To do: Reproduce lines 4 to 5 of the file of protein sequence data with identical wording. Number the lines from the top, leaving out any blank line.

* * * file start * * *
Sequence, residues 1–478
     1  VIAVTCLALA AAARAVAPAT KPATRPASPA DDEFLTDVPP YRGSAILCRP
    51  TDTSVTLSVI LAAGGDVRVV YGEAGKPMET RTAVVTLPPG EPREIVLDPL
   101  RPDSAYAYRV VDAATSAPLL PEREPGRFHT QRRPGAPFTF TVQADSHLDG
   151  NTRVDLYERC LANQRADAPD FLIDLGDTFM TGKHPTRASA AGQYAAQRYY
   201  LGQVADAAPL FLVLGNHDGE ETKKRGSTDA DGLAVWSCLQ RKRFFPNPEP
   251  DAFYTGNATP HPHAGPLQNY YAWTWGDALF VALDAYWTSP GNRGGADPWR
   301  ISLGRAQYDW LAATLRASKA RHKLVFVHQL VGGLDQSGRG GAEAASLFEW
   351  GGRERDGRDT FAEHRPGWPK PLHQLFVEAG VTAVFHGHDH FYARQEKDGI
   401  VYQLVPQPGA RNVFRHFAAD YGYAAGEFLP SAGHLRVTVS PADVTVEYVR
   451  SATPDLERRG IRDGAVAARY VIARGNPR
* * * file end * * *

   101  RPDSAYAYRV VDAATSAPLL PEREPGRFHT QRRPGAPFTF TVQADSHLDG
   151  NTRVDLYERC LANQRADAPD FLIDLGDTFM TGKHPTRASA AGQYAAQRYY